In many cases, folk traditions were revived in relatively recent years to cater to tourists. These  groupes folkloriques tend to focus on very early 20th century  melodies  and the use of the  piano accordion .
As Europe experienced a wave of  roots revivals  in the 1950s and 1960s, [1]  France found its regional culture reviving traditional music.  Brittany Limousin Gascony Corsica  and  Auvergne  were among the regions that experienced a notable resurgence in the popularity of folk music. Traditional styles of music had survived most in remote areas, such as the island of Corsica and mountainous Auvergne, as well as the more nationalist lands of the  Basques  and Bretons.

Folk music and dance now has an established place as a popular pastime in its own right with innumerable festivals, concerts and bals folks across France and a number of regular publications devoted to it.[2]


Auvergne is known for cabrette bagpipes. The cabrette (little goat in Auvergnat) is a bagpipe made of goatskin (goats being an integral part of Auvergnat traditional life) and without drones, blown by elbow-driven bellows. Some famous old players : Martin CaylaJean BergheaudMarcel BernardAntoine BouscatelJoseph CosterosteGeorges Soule, and some modern players: Dominique ParisVictor LaroussinieDidier PauvertStéphane CharpentierMichel EsbelinFrançois Lazarevic. They play both regrets(slow airs), bourrées (typical auvergne danse) and swift, 3/8 dance music.

Joseph Canteloube was a well-known composer from Auvergne in the early 20th century, and produced a famous collection of folk music called Songs of the Auvergne.


Béarn’s revivalist scene has been quite limited in scope, though it has produced the nationally renowned singer  Marilis Orionaa . Traditional instruments from the area include the  tambour de Béarn , a six-string drum used as a rhythm drone instrument to accompany the three-holed recorder.


One of the biggest stars of the French roots revival was Perlinpinpin Folc, formed in 1972 and led by Christian Lanau, whose Musique Traditionelle de Gascognewas a popular release that sparked interest in the traditional music of Gascony.

Gascon small pipes, called boha (bouhe), are a well-known part of the local scene. They have a rectangular chanter and drone combination, which is unique to Gascony, and are made out of sheepskin with the fleece showing.


Languedoc is home to several unusual instruments, including the bodega, a kind of bagpipe, and the aboès and graille, both kinds of oboes. The bodega is made out of goatskin, using an unusual process in which the innards of the animal are removed through the neck so that the entire, unbroken skin can be used for the instrument. It has only one large shoulder drone. The bodega is known from at least the 14th century. Popular traditional groups from Languedoc include CalabrunTrencavelLaurent Audemard‘s Une Anche Passe and Trioc.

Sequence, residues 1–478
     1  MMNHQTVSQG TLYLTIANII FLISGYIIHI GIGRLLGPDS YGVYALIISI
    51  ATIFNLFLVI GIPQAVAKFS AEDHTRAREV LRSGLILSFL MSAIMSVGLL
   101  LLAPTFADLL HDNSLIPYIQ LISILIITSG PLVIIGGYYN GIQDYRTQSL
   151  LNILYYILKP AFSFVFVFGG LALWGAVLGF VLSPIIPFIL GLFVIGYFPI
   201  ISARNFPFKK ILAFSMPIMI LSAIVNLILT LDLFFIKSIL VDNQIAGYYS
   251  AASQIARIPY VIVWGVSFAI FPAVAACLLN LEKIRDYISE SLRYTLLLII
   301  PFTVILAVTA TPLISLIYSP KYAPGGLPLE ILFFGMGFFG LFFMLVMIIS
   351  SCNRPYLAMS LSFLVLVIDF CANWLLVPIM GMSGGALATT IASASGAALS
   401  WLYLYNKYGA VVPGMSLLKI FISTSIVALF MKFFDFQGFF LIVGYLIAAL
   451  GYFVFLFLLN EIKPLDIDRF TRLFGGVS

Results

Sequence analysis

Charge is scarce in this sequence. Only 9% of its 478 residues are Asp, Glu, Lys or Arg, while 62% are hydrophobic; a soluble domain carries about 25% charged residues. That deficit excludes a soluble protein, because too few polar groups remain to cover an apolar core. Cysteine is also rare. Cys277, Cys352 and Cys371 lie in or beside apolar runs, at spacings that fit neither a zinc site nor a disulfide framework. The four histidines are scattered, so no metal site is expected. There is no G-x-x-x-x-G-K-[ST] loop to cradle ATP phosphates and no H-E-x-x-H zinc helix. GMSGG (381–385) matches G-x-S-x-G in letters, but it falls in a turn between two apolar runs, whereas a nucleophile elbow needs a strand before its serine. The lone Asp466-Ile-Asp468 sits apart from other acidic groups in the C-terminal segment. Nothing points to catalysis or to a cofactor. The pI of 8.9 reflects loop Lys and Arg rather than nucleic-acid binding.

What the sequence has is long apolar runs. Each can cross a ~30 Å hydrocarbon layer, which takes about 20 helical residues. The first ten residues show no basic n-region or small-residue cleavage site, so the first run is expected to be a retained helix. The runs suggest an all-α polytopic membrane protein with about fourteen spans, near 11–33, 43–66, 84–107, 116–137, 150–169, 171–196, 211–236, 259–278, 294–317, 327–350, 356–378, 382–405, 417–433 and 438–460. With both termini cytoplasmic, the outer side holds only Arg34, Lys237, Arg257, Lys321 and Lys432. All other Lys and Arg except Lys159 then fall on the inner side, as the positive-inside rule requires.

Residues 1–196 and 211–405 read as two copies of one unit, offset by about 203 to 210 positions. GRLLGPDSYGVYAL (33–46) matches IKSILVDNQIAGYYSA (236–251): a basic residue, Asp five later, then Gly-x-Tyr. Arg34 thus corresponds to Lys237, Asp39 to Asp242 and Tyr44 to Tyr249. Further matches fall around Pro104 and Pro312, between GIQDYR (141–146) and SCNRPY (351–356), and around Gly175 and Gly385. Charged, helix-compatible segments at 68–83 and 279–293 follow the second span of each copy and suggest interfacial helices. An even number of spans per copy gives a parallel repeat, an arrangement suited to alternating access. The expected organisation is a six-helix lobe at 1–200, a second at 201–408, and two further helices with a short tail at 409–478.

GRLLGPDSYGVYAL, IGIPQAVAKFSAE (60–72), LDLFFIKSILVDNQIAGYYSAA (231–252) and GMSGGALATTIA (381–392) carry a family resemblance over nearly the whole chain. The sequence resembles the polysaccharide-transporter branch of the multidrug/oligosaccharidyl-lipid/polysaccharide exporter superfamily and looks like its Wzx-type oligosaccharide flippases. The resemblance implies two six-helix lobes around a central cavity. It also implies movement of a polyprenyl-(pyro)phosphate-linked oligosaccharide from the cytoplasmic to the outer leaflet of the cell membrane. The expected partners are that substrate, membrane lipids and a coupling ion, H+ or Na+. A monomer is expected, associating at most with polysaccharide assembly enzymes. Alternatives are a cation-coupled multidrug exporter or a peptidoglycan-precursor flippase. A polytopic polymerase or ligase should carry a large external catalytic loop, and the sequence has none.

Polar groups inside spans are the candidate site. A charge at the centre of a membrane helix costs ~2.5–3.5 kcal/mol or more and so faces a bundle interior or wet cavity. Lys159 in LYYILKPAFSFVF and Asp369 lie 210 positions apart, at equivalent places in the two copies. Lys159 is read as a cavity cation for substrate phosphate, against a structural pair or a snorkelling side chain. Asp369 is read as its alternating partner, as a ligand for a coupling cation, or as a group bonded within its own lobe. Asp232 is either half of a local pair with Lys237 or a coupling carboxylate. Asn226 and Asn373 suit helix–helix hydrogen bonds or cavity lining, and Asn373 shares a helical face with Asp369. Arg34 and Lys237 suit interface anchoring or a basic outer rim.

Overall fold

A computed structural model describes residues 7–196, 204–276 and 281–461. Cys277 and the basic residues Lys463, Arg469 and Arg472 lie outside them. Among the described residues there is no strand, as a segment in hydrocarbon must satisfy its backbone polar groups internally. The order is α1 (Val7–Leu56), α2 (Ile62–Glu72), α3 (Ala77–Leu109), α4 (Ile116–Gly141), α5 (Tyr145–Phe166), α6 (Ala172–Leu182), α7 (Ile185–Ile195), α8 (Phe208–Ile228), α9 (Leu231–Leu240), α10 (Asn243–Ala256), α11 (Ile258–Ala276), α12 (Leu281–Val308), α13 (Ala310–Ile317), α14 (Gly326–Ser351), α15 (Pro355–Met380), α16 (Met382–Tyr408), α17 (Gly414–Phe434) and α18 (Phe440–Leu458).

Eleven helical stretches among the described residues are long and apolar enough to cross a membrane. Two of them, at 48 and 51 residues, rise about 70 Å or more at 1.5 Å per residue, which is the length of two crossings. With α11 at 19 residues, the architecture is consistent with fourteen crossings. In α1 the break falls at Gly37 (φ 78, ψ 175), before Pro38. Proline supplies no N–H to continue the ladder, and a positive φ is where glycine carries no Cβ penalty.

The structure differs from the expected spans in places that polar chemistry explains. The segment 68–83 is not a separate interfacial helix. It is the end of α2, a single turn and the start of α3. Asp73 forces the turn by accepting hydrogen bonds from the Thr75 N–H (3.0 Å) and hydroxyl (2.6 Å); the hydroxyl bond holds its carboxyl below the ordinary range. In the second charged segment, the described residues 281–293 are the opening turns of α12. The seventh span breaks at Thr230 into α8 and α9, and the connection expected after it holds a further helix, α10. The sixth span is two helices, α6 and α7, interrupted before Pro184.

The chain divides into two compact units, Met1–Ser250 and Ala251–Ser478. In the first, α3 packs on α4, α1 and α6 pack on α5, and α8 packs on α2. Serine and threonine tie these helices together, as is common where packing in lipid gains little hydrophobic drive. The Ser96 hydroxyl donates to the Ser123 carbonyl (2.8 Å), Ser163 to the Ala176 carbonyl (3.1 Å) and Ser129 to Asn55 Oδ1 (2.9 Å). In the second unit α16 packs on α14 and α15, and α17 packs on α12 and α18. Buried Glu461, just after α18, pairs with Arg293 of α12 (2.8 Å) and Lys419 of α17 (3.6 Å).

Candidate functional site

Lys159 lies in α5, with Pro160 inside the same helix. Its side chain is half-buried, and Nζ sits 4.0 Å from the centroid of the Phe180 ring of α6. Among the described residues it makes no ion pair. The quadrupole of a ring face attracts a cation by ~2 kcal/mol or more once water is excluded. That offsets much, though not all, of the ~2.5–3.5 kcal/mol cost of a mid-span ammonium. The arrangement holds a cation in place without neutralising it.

Limousin is known for its violin music, as well as the chabrette bagpipe. Eric Montbel is the biggest star of Limousin folk, while Françoise EtayJean Pierre ChampevalOlivier DurifValentin Clastrier and Pascal Lefeuvre are also popular. Instruments include the cabrette bagpipe and the ancient army fifepifre. Limousin violin music, focussed in Corrèze, has produced stars François Etay and Trio Violon, while more modern fiddlers include François Breugnot, Olivier Durif, Jean Pierre Champeval and Jean-François Vrod. The hurdy-gurdy in Limousin has been extended to avant-garde styles utilizing electronic music, jazz and other influences, including Pascal Lefeuvre, Dominique Regef and Valentin Clastrier.

Provence and Alps

The most iconic form of Provençal folk music is a duo of  fife  and drum, or ensembles of  galoubets-tambourins ; the most prominent characteristic of the region’s folk music, however, is the  Italian musical  influence. Performers include  Patrice Cornte Yves Rousguisto  and  André Gabriel . Provence’s diverse communities include  Savoie , whose distinct  hurdy gurdy tradition has produced the modern band  La Kinkerne , the  Alpes Maritimes  choral tradition, which includes choirs like  La Compagnie Vocale  and  Corous de Berra , and the northern region, which has produced a vibrant violin tradition,  Dauphiné ‘s  rigaudon  dance and performers  Rigodon Sauvage Patrick Mazellier  and  Drailles . Dauphiné also features one of the rare sword dances that have stood the test of time, the  Bacchu-ber  performed yearly in  Briançon .


The southwestern region of Roussillon’s music is shaped by its unique ethnicities, and includes forms of Catalan and Gypsy music. The former includes the sardana and is based around the city of Perpignan. The sardana is played by a band (coble) consisting of three kinds of oboes, flutes and other instrument, including shawms and bagpipes among some recent revivalists. Modern traditional performers include Cobla Mil-LenariaLa Cobla de JoglarsEls Ministrles del Rossellano and La Colba els Montgrins.


  1. Jump up^ [1] Archived May 9, 2008, at the Wayback Machine.
  2. Jump up^ “TRAD Magazine”. TRAD Magazine. Retrieved 2014-06-27.